I have given you several ‘curious’ recipes from The Family receipt-book, or, Universal repository of useful knowledge and experience in all the various branches of domestic oeconomy (London, 1810) and I have made another selection for you today. You may not have any camel flesh at hand, but as the recipe states, the method lends itself to other meats too. Of course it is entirely possible that trying this out might lead you to break several local food laws, but that is your risk!
Curious Moorish Method of preparing Elcholle, or the Flesh of Camels,
as well as Mutton and Beef, so as to Keep for Two or Three Years
in the warmest Climates.
This favourite food of the Moors, which they call elcholle, whether made of beef, mutton, or camel's flesh, is always ready for eating; and will keep perfectly good two or three years, even in their hot climate. The method of preparing it is said to be as follows—Cut the meat, of whatever kind, but beef is the most esteemed, into long slices; and, having well salted them, let them remain twenty-four hours in the pickle. Then remove them into other vessels, filled with cold water; and, after thus soaking them all night, lay them on ropes, in the sun and air, till they become quite dry and hard. After this, cut them into pieces of about three inches long; throw them into a pot of warm oil, mixed with melted suet, sufficient to cover all the meat; and, when it has boiled till it looks clear and red on being cut, take the whole out, and set it to drain and cool.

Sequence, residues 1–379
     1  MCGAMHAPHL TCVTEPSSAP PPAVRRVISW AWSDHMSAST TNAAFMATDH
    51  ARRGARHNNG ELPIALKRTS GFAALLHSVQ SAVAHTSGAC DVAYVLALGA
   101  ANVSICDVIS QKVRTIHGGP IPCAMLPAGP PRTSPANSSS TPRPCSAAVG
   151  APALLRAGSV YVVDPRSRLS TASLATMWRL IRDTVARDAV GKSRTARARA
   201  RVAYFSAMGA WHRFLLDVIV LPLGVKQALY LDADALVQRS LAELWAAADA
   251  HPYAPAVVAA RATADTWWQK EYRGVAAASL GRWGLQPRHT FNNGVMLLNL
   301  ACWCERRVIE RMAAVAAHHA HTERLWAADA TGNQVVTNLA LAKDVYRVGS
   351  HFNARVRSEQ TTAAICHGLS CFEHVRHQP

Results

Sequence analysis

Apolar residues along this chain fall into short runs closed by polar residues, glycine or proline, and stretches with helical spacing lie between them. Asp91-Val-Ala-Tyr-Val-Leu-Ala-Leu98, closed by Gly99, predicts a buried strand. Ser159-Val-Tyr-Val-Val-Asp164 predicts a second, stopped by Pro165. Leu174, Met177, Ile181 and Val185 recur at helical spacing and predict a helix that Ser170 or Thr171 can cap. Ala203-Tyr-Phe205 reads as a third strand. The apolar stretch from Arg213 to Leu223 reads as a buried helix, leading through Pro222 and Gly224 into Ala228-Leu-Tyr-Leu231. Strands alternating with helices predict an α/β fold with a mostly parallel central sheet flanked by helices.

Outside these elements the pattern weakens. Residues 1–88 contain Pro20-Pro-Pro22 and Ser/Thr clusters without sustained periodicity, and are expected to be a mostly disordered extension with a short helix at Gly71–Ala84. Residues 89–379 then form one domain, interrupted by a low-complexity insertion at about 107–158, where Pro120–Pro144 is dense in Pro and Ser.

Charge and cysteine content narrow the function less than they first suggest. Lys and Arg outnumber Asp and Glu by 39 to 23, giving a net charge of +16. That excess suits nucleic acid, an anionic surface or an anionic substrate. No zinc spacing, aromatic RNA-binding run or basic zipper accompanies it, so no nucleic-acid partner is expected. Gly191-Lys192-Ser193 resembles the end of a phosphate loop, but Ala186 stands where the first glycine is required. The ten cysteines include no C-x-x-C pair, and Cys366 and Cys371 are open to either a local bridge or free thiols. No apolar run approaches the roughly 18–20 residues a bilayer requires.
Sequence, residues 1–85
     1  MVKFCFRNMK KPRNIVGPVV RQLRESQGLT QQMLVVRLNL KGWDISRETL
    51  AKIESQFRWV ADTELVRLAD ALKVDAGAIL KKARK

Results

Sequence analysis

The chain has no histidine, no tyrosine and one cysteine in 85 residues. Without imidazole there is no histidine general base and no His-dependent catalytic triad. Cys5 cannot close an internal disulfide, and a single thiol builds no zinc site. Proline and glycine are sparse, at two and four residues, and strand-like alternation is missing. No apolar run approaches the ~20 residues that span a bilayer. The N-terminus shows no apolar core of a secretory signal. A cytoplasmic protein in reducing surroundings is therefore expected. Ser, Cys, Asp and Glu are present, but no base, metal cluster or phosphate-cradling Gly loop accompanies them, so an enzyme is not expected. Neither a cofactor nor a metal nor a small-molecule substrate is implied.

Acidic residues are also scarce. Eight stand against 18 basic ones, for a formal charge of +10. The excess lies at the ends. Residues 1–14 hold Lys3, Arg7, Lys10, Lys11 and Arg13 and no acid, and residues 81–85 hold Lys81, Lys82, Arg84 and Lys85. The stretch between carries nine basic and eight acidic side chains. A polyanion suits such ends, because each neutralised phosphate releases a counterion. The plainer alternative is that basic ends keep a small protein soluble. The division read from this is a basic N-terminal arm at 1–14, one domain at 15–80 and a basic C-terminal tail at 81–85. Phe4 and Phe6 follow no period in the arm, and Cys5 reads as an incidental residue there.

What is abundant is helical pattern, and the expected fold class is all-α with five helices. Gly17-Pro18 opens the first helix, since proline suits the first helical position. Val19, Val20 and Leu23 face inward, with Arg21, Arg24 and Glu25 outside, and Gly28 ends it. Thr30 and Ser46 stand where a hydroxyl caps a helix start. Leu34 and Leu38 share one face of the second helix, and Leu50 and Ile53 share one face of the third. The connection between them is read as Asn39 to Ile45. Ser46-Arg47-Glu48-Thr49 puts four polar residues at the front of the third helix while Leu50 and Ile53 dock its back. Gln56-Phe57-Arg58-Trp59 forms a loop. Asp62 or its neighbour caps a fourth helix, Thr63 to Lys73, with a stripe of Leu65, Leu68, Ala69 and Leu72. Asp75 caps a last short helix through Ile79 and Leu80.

It is thus ready to put away in the jars provided for keeping it; and, on being there deposited, is covered with the oil and grease in which it was boiled. When quite cold, the jars are closely stopped; and the meat will thus be preserved hard, and continue good, for at least two or three years. In this state, it is often eaten by the Moors; who consider it, when hardest, as best and most palatable. They sometimes fry it with eggs and garlic; and, occasionally, eat it stewed, with a little lemon juice squeezed over it. European travellers, who have frequently tasted this elcholle of the Moors, pronounce it to be a very good dish, eaten either hot or cold.
If you prefer, here are a couple of other recipes for camel, from previous posts: